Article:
No Bullying…and Don’t Stand Your Ground, Either?
Usually I blog when I’m convinced of something and want to share my opinion with the world—or, at least, that infinitesimal fraction of the world that reads my blog. (Thanks again, you two!)
But I’d like some help on something. (I risk opening the floodgates to bad comments here, but I’ll just monitor and delete them in due course as necessary.) I am told by various public voices that I’m supposed to feel terrible about the Trayvon Martin-George Zimmerman case, and I’m supposed to feel even more terrible now because my black evangelical brothers and sisters in the US are much more upset about the verdict and its possible implications than white evangelicals are.
Let me make clear immediately that I hold no brief for Mr. Zimmerman. I haven’t followed the case closely, but I gather that neither of these individuals emerge from the trial looking like angels. Indeed, at least one of them seems to have had serious bodily harm, if not murder, in mind once they engaged each other. So please be sure that I am not discussing the case per se.
What I’m trying to figure out is how our society’s current zeal for anti-bullying legislation in public schools, online, and beyond squares with the widespread disdain for stand-your-ground laws. These sentiments seem to be contradictory. If bullying is so bad (and of course it is), then why should a person standing where he or she is entirely entitled to stand be under legal obligation to retreat?
I was bullied as a kid, and for several years. I was never big for my age, and I went through school very quickly to boot, so until I was well into high school, I was easy pickings for brutish classmates. (One year I gained four inches and thirty pounds and the big, brave guys who picked on me suddenly melted away.)
I have also lived on Chicago’s South Side as a white man, and I enjoyed that cosmopolitan experience in almost every way…except having to alter various patterns of basic living because of the fear of racially and economically motivated violence as the gangs around us (El Rukn especially) would prey on white people stupid enough to walk the borderlands of Hyde Park alone or at night.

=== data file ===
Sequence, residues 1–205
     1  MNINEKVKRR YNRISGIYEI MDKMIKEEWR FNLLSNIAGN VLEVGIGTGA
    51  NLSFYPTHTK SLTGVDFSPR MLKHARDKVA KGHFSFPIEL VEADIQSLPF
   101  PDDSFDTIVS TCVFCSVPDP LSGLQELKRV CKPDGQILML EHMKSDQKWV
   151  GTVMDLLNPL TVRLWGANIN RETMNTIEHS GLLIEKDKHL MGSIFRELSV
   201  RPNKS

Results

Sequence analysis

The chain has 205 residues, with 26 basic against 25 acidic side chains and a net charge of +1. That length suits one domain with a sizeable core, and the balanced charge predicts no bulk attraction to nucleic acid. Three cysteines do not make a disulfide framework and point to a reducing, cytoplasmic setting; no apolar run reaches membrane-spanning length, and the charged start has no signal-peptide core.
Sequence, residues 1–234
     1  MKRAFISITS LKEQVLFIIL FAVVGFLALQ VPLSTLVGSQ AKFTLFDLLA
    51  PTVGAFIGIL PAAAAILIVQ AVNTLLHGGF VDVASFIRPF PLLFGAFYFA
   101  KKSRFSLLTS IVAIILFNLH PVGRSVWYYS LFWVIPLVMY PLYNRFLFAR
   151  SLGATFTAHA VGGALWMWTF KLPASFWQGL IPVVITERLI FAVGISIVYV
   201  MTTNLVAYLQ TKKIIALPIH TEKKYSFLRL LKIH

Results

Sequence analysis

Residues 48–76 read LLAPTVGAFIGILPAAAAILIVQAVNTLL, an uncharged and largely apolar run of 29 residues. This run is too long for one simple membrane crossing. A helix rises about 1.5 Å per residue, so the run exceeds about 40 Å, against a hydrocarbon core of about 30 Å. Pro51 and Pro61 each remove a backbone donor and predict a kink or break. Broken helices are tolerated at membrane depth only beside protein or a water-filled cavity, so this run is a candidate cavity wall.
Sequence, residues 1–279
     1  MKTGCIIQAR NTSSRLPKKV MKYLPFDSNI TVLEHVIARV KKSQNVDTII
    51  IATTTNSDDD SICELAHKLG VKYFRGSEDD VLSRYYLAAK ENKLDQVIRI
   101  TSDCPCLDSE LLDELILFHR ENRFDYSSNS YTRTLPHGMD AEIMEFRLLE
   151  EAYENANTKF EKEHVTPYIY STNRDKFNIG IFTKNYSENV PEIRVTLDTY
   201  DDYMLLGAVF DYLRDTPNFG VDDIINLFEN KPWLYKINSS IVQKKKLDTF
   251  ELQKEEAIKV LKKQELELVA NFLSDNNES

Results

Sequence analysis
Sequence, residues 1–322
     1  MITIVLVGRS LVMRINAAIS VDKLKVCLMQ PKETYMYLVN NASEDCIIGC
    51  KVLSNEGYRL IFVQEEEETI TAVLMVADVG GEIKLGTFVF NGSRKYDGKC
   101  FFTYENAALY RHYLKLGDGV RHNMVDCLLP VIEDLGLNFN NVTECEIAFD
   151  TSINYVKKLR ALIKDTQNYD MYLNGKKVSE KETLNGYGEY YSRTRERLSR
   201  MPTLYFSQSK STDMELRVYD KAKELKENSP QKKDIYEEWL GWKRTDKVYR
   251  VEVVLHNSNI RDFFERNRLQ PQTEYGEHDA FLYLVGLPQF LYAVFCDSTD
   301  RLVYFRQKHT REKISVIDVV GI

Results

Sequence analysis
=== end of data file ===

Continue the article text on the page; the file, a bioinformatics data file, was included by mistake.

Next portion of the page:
So I am inclined to be sympathetic both with anti-bullying concerns and with “stand-your-ground” laws. They seem to me to spring from the same concerns.
I realize that police officers don’t like the idea of handguns being brandished at the first sign of conflict, and neither do I. I’m a Canadian, for pity’s sake, and I think handguns generally are a bad idea outside a target range. I also realize that stand-your-ground laws make it easier for people to commit murder in the name of self-defense, particularly when the only witnesses are the shooter and his or her victim.
Still, it isn’t obvious to me why we don’t work for better stand-your-ground laws that warrant people literally refusing to be bullied while making sure such legal defenses aren’t abused, at the same time as we advocate anti-bullying measures elsewhere in our society. What am I missing?